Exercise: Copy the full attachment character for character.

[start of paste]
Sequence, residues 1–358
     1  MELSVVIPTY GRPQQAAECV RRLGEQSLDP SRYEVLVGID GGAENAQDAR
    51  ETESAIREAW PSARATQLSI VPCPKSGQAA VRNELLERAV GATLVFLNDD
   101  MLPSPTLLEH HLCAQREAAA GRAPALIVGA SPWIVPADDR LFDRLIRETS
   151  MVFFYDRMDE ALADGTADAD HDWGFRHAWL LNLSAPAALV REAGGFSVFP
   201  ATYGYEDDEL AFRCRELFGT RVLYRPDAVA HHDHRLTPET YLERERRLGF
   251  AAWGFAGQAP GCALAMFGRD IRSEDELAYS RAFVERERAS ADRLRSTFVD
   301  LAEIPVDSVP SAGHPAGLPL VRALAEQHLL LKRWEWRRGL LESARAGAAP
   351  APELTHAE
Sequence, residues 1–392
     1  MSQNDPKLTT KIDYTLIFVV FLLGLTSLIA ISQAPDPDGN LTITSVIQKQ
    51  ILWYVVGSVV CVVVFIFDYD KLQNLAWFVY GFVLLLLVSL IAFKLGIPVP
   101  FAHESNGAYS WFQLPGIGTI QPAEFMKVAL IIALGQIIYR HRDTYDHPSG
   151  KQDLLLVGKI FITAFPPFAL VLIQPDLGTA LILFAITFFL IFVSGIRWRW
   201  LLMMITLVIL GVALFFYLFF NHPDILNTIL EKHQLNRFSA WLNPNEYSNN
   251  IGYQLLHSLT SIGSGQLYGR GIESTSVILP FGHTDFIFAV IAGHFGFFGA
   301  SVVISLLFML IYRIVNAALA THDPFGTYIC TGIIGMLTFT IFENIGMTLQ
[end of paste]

Sequence, residues 1–358
     1  MELSVVIPTY GRPQQAAECV RRLGEQSLDP SRYEVLVGID GGAENAQDAR
    51  ETESAIREAW PSARATQLSI VPCPKSGQAA VRNELLERAV GATLVFLNDD
   101  MLPSPTLLEH HLCAQREAAA GRAPALIVGA SPWIVPADDR LFDRLIRETS
   151  MVFFYDRMDE ALADGTADAD HDWGFRHAWL LNLSAPAALV REAGGFSVFP
   201  ATYGYEDDEL AFRCRELFGT RVLYRPDAVA HHDHRLTPET YLERERRLGF
   251  AAWGFAGQAP GCALAMFGRD IRSEDELAYS RAFVERERAS ADRLRSTFVD
   301  LAEIPVDSVP SAGHPAGLPL VRALAEQHLL LKRWEWRRGL LESARAGAAP
   351  APELTHAE
Sequence, residues 1–392
     1  MSQNDPKLTT KIDYTLIFVV FLLGLTSLIA ISQAPDPDGN LTITSVIQKQ
    51  ILWYVVGSVV CVVVFIFDYD KLQNLAWFVY GFVLLLLVSL IAFKLGIPVP
   101  FAHESNGAYS WFQLPGIGTI QPAEFMKVAL IIALGQIIYR HRDTYDHPSG
   151  KQDLLLVGKI FITAFPPFAL VLIQPDLGTA LILFAITFFL IFVSGIRWRW
   201  LLMMITLVIL GVALFFYLFF NHPDILNTIL EKHQLNRFSA WLNPNEYSNN
   251  IGYQLLHSLT SIGSGQLYGR GIESTSVILP FGHTDFIFAV IAGHFGFFGA
   301  SVVISLLFML IYRIVNAALA THDPFGTYIC TGIIGMLTFT IFENIGMTLQ